Veer Sanghvi, the editor of Hindustan Times once wrote – “A man in Delhi once asked me -‘What is so special about Durga Puja In Kolkata? It’s just as big as Diwali is here in the North’.
I simply smiled and replied ‘You have no idea’.
Waiting for my late evening flight to Mumbai at the airport, I thought that there probably isn’t any festival in any city in the world that can match Kolkata’s Puja in intensity. You can take the craze of Diwali in Delhi, Christmas in London, Summer Carnival in Rio de Janeiro, Valentine’s day in Paris and then add it to the month long madness of Olympic Games or the World Cup and cram all that into a span of 5 days and you still wouldn’t know what you are missing if you haven’t been in Kolkata during Durga Puja”
Being born and brought up in the City of Joy, I didn’t spend many Durga Pujas outside my beloved city. This year was different though. Sitting 6000 miles and 5 timezones away from all the madness and frenzy, I knew what I was missing. But sitting and cribbing for long wasn’t an option, so I packed my gear and left to explore the Durga Pujas celebrated at my current city of residence, Sydney.
The Durga idol at the BANSW Puja in Concord.
Performers enact the Durga-Mahishashura legend through dance forms at the Bangladesh Society’s Puja in Wentworthville, NSW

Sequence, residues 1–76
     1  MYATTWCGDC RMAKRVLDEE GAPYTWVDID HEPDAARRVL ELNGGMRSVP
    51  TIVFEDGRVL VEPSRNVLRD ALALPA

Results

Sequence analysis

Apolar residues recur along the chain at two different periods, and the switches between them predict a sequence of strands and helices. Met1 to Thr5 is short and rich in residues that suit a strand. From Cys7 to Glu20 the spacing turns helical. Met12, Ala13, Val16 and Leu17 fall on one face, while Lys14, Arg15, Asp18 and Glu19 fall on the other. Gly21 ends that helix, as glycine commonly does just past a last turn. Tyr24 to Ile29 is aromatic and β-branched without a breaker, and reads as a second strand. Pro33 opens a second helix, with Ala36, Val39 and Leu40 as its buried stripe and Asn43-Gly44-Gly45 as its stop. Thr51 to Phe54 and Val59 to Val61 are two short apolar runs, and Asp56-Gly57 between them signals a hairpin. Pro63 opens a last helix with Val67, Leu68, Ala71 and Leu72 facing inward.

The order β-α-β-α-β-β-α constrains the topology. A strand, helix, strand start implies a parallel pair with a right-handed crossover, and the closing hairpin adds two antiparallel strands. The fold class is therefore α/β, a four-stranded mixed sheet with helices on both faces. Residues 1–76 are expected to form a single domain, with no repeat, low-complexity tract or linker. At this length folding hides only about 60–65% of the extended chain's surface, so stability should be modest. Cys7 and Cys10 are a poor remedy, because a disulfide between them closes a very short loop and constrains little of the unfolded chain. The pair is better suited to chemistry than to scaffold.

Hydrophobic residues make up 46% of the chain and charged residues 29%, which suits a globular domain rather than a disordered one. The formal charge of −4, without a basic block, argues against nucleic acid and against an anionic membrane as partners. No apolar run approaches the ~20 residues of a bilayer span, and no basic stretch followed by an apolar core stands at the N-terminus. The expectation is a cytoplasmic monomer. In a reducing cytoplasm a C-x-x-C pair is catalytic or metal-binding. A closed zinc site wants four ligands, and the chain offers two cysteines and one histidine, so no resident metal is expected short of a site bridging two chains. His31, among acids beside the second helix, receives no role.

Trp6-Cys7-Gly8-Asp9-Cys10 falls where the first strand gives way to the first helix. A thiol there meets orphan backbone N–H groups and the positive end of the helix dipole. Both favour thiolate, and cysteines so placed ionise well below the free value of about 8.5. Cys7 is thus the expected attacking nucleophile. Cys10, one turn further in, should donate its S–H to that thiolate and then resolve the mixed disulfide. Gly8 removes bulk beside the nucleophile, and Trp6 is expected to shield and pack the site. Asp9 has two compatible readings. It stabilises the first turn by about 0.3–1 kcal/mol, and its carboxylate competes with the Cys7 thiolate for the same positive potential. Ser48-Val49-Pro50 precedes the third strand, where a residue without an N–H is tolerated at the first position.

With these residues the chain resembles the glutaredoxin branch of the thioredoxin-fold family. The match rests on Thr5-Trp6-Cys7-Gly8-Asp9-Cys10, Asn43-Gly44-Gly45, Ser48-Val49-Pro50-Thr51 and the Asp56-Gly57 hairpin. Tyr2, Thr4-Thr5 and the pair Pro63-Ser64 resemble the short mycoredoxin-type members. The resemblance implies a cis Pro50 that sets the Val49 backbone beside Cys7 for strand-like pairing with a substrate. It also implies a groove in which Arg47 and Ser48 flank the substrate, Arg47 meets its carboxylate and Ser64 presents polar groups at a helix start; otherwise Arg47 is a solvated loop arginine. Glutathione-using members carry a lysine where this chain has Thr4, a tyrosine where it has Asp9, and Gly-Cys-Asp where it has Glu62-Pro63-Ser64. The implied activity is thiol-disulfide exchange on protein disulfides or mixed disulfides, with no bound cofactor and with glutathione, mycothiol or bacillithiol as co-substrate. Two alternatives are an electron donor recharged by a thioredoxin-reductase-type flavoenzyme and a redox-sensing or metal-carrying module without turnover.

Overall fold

A lady greets the goddess with betel leaf, a custom performed during Vijaya Dashami- at the largest and most popular Durga Puja in Sydney, organized by the Bengali Association of NSW, Concord, NSW
Women at the Bengali Association Puja in Sydney celebrate “Sindur Khela” – a popular custom on the Dashami day.
Women at the BANSW Puja in Concord perform “Dhunuchi Naach”
Dhunuchi dance performer at the Concord Puja
There is a popular saying among Bongs – two Bengalis make an association and four make a Durga Puja. Sydney’s bongs are no exception. There were close to 15 Durga Pujas celebrated all around the city this year. They might have been miniscule in terms of size and grandeur of the Kolkata Pujas, but the fun, frolic, frenzy and the spirit was intact. The bhogs, the sindur khelas, the dhunuchi naaches were the highlights but there was something that surpassed all – the Adda, the Bengali’s very own brainstorming chat sessions that range from Bay Leaves fried in Mustard Oil to the politics of Somalia!